The most typical arrangement is to have teams made up with people from across the organization, so participants can get to meet new people at the program and expand their informal network back at work - a major benefit of doing an activity like this. We can do a random selection activity at the outset, if you prefer.
It can also makes a lot of sense to have intact teams do the program as a team, so that what they observe and learn can be applied directly to their work situation. When they participate as a team they will tend to reach agreement about what they experienced together and have more likelihood to act on it together back at work. If they are split up on different teams during the program and don't share the same experience, the shared motivation probably won't be as great.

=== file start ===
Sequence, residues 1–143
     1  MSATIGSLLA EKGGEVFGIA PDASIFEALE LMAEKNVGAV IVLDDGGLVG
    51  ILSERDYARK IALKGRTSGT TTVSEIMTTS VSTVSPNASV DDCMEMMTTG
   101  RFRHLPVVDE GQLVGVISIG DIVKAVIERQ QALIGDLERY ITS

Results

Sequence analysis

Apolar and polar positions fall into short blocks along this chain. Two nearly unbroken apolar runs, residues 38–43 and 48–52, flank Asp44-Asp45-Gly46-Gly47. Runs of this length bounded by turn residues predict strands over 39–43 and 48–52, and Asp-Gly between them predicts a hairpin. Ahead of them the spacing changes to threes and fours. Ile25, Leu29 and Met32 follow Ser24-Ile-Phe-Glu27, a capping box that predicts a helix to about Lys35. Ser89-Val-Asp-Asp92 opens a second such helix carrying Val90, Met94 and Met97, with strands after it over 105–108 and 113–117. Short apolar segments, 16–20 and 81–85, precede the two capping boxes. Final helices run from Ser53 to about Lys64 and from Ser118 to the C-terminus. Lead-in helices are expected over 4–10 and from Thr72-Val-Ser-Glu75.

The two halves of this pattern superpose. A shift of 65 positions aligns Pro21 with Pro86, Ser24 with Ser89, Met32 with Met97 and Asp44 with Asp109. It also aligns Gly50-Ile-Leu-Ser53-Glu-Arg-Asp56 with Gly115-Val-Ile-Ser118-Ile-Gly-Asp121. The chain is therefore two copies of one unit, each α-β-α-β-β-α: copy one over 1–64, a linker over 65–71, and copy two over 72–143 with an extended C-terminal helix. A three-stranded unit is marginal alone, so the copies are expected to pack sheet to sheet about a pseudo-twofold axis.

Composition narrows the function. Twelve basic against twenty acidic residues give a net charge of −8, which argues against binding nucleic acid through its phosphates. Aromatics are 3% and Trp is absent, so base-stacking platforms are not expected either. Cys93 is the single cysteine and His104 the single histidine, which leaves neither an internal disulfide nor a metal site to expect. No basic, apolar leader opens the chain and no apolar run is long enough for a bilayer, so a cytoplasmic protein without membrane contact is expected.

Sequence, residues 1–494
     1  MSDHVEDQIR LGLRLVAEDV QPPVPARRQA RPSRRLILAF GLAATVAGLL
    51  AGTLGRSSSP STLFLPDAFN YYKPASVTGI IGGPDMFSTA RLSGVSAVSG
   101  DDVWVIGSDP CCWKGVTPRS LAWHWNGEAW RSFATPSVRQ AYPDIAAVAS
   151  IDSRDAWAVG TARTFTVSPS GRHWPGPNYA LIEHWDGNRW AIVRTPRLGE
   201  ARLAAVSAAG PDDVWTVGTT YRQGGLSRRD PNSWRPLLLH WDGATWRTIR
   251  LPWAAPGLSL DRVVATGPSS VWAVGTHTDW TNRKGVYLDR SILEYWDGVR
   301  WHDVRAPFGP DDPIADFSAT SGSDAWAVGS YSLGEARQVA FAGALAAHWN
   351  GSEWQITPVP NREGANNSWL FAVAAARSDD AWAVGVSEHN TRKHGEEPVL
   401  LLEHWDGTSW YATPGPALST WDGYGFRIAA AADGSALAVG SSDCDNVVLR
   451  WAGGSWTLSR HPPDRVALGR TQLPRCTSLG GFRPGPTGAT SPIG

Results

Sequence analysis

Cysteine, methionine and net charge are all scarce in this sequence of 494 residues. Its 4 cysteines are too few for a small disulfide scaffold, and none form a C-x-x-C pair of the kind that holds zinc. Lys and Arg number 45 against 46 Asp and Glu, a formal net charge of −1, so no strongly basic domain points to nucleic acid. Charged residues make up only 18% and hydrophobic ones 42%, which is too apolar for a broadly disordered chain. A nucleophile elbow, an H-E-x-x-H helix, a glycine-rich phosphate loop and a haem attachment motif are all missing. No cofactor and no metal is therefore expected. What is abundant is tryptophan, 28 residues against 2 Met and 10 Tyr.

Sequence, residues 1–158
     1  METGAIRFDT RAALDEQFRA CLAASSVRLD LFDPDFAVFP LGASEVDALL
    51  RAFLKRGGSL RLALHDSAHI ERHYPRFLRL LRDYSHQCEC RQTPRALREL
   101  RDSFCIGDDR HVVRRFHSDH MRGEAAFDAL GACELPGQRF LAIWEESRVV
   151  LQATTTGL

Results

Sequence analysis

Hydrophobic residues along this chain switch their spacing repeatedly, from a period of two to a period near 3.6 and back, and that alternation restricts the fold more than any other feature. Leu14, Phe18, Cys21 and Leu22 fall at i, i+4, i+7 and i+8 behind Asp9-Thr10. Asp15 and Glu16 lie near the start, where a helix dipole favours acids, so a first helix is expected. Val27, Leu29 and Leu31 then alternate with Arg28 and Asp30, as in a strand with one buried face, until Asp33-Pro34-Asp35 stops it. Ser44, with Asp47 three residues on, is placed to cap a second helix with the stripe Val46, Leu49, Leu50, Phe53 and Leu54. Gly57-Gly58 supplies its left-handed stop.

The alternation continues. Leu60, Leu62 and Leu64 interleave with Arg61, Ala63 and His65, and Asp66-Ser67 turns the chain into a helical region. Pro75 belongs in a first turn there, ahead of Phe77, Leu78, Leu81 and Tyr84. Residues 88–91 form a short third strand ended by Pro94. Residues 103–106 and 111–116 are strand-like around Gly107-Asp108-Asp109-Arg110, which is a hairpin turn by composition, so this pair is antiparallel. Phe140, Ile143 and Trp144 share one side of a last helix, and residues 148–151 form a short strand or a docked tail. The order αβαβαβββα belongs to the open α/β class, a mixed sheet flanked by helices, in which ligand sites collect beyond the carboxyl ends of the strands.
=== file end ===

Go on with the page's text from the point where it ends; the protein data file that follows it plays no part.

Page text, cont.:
We know how to ask good questions, get everyone involved in the process, and, at times - most important - know when to step back and let the group be itself. Discussions that follow activities are designed to lead the group to figure out what is most applicable to their work setting; not what an outsider might assume to be important. And we know how to keep the process fun and insightful - no matter what happens. Background information on Team Craft staff can be found at "About Team Craft". You may request a specific staff person if you like.
It is important to set realistic expectations about what can be achieved in a short time frame. Very short programs (2.5 hours or less) can act as ice breakers or theme setters at the start of a meeting. Half day programs (3 to 4.5 hours) provide great opportunities for relationship building and can suggest ways a group can improve its performance. Longer programs (4.5 to 8 hours) actually allow teams to identify new work processes and have a greater likelihood of having key learnings transferred to work situations. A program to effectively address conflict within a team typically needs more than one day to resolve the situation.